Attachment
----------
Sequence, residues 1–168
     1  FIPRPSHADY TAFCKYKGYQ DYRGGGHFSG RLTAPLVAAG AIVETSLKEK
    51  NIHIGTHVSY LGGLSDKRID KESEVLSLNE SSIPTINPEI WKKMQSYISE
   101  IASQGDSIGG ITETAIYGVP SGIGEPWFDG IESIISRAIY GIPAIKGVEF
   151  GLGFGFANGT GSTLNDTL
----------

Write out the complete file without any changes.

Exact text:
Sequence, residues 1–168
     1  FIPRPSHADY TAFCKYKGYQ DYRGGGHFSG RLTAPLVAAG AIVETSLKEK
    51  NIHIGTHVSY LGGLSDKRID KESEVLSLNE SSIPTINPEI WKKMQSYISE
   101  IASQGDSIGG ITETAIYGVP SGIGEPWFDG IESIISRAIY GIPAIKGVEF
   151  GLGFGFANGT GSTLNDTL